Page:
Anyhoo I spent an hour or so down at the Yellowave Beach Sports Centre yesterday afternoon watching the Nivea Sun Ultimate Showcase, and trying to spot the cameras from Sky Sports, which the commentator swore were there. Mind you, this is the same commentator who said "The crowd are calling for the disc of his dreams..." when the only spectators were me and a couple of teenage girls, one of whom was on her mobile telling someone she was watching volleyball. So I'm not sure you can believe everything he says.
Nivea Sun Ultimate Showcase
I did, however, like his commentary when a player with receding hair made a lunging dive for the disc and got showered with sand. The commentator was straight on the mic to announce that "Dave Barnard's got sand in his hair... sorry, he's got sand on his head". John Motson eat your heart out.

Sunday, August 05, 2007

Big Sis may have been to the Wizard of Oz Museum in Kansas, but has she stood in front of the Royal Pavilion in Brighton with fifty people on top of a bus shelter, watching a dozen dancing Dorothies?

Follow the Yellow Brick Road
No, she hasn't. Or if she has, she hasn't blogged about it.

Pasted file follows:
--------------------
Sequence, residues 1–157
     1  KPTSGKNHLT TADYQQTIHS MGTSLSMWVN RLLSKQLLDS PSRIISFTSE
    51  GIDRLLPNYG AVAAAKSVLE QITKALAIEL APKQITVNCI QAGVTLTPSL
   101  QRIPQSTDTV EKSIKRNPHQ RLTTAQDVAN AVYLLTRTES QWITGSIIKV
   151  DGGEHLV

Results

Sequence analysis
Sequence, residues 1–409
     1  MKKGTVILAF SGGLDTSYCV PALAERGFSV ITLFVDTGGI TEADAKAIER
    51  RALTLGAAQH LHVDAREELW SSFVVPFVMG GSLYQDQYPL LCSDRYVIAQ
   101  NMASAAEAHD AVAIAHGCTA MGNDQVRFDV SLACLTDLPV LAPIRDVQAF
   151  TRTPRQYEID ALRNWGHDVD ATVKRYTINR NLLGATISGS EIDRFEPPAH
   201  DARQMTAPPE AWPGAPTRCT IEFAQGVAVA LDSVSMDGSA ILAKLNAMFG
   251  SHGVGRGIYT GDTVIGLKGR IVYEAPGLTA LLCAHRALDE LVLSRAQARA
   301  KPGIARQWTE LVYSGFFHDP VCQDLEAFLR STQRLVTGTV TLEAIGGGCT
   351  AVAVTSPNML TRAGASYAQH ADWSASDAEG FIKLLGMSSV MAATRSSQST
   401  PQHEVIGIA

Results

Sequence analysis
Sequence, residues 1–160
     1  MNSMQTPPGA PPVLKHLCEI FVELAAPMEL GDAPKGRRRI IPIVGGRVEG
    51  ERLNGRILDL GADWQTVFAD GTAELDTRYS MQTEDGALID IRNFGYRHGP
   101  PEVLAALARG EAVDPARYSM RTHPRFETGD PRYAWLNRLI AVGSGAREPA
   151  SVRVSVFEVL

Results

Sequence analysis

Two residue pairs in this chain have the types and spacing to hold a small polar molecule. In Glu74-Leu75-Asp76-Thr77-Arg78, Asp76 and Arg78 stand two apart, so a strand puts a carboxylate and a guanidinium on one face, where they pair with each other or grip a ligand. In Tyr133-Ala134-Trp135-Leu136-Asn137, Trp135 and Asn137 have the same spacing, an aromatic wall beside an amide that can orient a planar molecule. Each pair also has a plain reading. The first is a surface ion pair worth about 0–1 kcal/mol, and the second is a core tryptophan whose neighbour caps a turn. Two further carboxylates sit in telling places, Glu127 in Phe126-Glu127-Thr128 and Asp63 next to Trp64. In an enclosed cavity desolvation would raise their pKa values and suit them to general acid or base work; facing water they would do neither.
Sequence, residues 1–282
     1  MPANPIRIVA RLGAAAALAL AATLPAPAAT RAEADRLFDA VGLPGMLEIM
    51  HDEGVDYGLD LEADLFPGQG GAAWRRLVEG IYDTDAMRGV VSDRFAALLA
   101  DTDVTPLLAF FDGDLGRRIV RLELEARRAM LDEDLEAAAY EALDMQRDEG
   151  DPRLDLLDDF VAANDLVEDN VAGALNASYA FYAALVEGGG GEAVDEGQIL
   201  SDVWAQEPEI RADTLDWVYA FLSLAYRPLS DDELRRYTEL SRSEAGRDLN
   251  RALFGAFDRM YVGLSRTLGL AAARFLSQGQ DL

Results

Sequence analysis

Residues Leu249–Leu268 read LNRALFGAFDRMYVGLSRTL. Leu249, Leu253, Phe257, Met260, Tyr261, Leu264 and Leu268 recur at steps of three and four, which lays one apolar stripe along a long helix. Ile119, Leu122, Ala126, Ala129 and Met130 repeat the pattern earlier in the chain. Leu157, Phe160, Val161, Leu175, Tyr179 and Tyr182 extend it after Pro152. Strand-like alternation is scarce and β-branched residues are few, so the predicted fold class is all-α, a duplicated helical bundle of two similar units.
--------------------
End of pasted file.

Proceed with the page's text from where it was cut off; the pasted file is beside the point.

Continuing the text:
Mr PresidentBut hang on, who's that little green munchkin following the yellow brick road with his back to the camera and a jacket over his shoulder on the hottest day of the year..? Why, it's none other than Lib Dem President Simon Hughes, formerly the "straight choice" for the Bermondsey by-election of 1983, now outed by The Sun and more than happy to join a gay pride march. Hurrah!

I met Simon fifteen years ago at the Greenbelt Christian Arts Festival. How we've both changed.

Stop Homophobia in PolandAnyhoo, yesterday was indeed Brighton Pride 2007, a once-in-a-lifetime opportunity to put on a pink cowboy hat and stop homophobia in Poland. Or something. Frankly I'd be willing to fly to Krakow and personally put homophobes to the sword if only my neighbours at Flat 1 would come with me. And then stay there. I love Poles as much as the next man, but the party they held outside my living room window on Friday night was still going strong at 10am the next morning, only to begin again in earnest last night. And when they start breaking glasses and singing songs of their homeland, you do start to lose patience. But I digress...

Bully For YouHere's Dr David Bull, former presenter of Watchdog Healthcheck, Tomorrow's World and... um... Most Haunted Live, recreating John Travolta's role in Saturday Night Fever, and publicising the fact that the Brighton Conservative Party have learnt nothing from their experience with David Van Day, and are still placing all their faith in celebrities. Dr Bull has just been selected as the Tory party candidate for the next election. I can't wait.

As well as the gay police, gay paramedics and gay firefighters (who are like the PC brigade, only more liberal), groups taking part in the parade this year included a bus-load of gay people with mental health problems, represented by the charity Mind under the slogan 'Mind Out'. I quite liked that.